Ep. 124 – How to Deliver Better B2B Digital Marketing Results w/ Michelle Bassett

How to Deliver Better B2B Digital Marketing Results

Combining disciplines like behavioral analysis and data analytics enables B2B marketers to have a deeper understanding of their target audiences, identify patterns, and implement digital marketing campaigns that generate solid outcomes.

Join us as we talk to certified data scientist Michelle Bassett (Founder, BIZQOR) about the value of leveraging behavioral analysis and data analytics for better B2B marketing results. During our conversation, Michelle talks to us about what these specialized fields help organizations to solve and what pitfalls to avoid. She also provides us with some actionable tips on how to make sense of all the data to get marketing budgets approved.

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Topics discussed in episode

  • Michelle talks about the importance of understanding behavioral analysis and data analytics in B2B digital marketing [2:10]
  • Some of the mistakes that marketers make when it comes to combining the different disciplines [3:40]
  • How B2B marketers should start looking at numbers if/when they feel overwhelmed [7:22]
  • The types of problems that behavioral analysis and data analytics can solve for B2B marketers [9:37]
  • Michelle talks about how she would present data and information in a way that is digestible and gets budgets approved [13:54]
  • Michelle’s actionable tips [20:33]
    • Pick one number and hone in on it
    • Ask questions and set aside a small budget to experiment and analyze what works or doesn’t
    • Be prepared to iterate your marketing campaigns
    • Don’t be afraid to try
  • One thing B2B companies should be measuring: Market saturation [25:13]
  • Michelle explains why she feels having a social media presence is overrated [28:50]

Companies and links mentioned



Michelle Bassett, Christian Klepp

Christian Klepp  00:03

Welcome to B2B Marketers on a Mission, a podcast for changemakers where we question the conventional, debunk marketing myths, provide actionable tips, think differently, disrupt the industries, and take your marketing to a new level, from improving your campaigns to making you a better marketer. These are the inspirational stories that will help us change the way we think and approach B2B marketing, one conversation at a time. This podcast is brought to you by EINBLICK Consulting, helping you to stand out in the market and drive revenue to your B2B business. And now your host, Christian Klepp. Okay, everyone, welcome to this episode of B2B Marketers on a Mission. This is the show where we help you to question the conventional, think differently, disrupt your industry, and take your marketing to new heights. So this is your host, Christian Klepp. And today, I am joined by someone on a mission to combine digital marketing and data science to deliver better B2B marketing results. So Michelle Bassett, welcome to the show.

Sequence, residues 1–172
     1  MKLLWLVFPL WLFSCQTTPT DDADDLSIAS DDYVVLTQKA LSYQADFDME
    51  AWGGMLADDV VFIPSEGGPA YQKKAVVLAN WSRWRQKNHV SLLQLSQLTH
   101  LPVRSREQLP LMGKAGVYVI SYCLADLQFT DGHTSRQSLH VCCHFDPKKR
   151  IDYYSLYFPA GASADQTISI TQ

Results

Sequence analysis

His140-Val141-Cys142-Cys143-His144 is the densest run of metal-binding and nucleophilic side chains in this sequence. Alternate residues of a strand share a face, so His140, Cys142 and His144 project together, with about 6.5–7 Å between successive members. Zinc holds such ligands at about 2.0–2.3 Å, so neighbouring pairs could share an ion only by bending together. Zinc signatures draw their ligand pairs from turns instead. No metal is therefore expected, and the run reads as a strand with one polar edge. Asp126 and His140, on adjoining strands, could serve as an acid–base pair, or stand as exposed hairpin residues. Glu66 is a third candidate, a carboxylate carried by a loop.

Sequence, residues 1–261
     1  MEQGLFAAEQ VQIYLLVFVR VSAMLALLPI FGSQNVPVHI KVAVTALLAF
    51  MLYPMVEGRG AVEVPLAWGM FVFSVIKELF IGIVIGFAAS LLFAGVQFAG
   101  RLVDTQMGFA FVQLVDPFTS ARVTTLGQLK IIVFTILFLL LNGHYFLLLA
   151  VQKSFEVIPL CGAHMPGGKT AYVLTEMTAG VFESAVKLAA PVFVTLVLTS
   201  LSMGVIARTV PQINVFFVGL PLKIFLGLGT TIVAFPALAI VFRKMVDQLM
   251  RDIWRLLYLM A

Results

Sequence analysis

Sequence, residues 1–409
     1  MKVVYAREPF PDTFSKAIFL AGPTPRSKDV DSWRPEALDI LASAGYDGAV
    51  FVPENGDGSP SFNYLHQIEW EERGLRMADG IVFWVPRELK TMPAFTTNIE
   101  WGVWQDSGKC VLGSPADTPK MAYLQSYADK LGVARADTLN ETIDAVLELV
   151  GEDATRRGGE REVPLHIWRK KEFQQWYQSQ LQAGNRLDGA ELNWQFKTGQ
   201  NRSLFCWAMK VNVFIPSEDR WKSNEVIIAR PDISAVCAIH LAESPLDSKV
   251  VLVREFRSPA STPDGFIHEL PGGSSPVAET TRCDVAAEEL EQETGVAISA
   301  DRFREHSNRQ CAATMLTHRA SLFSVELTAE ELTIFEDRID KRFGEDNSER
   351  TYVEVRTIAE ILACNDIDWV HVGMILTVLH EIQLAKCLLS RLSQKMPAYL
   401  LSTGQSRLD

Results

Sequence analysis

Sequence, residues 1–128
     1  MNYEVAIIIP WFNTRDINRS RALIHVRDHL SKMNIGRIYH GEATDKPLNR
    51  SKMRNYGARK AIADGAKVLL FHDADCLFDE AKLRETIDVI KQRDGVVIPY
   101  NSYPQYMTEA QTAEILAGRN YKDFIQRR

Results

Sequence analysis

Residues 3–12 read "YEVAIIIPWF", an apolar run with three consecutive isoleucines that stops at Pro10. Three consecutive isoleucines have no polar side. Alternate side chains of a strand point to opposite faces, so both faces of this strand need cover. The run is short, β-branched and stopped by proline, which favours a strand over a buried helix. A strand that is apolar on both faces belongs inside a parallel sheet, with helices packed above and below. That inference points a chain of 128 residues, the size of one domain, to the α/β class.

Michelle Bassett  01:09

Thank you for having me.

Christian Klepp  01:11

Great to be connected Michelle. And I’m really looking forward to this conversation. Because I know that introduction sounded like a bit of a mouthful, but it’s highly relevant, it’s very useful, and I have no doubt that you are going to knock this conversation out of the park.

Michelle Bassett  01:25

I’ll give it my best!

Christian Klepp  01:29

Michelle, I mean, this is short of stating the obvious, but your professional background is incredible. So you have this unique blend of expertise. And let me see if I can get this right. behavioral science, data analytics and internet marketing. So for this conversation, let’s focus on a topic that I believe has become part of your professional mission. And that is the value of combining behavioral analysis and data analytics for better B2B digital marketing results. So if we were to kick off this conversation with a question, let it be this, why is the understanding of these different disciplines important for B2B digital marketing?

Michelle Bassett  02:10

Well, for B2B digital marketing, it’s important to have this combination, or at least to be aware of this combination, because it happens organically, people are behaving and users are using. And so there are data points that come from that. And part of my behavioral analysis background, most people associate it with ABA therapy, or treating kids with autism or even business organization. As far as the whole. I think it’s called organizational behavior management companies who come in and restructure companies based on, you know, different personalities and job functions and things like that. But when it comes to marketing, and B2B marketing, specifically, having that, that junction of understanding of things that are happening anyway, just it is gonna, it’s just gonna make your marketing campaigns that much stronger.

Christian Klepp  03:09

Fantastic, fantastic. And we will get into the nitty gritty aspects of that later on the conversation. But that was such a great segue into the next question. And I have no doubt, you will have no problem answering this question, because you’ve probably seen at all, mistakes and misconceptions. So when we’re talking about combining these different disciplines, what are some of these things that you’ve seen out there, that mistakes that marketers make? And how should they get the rest of them?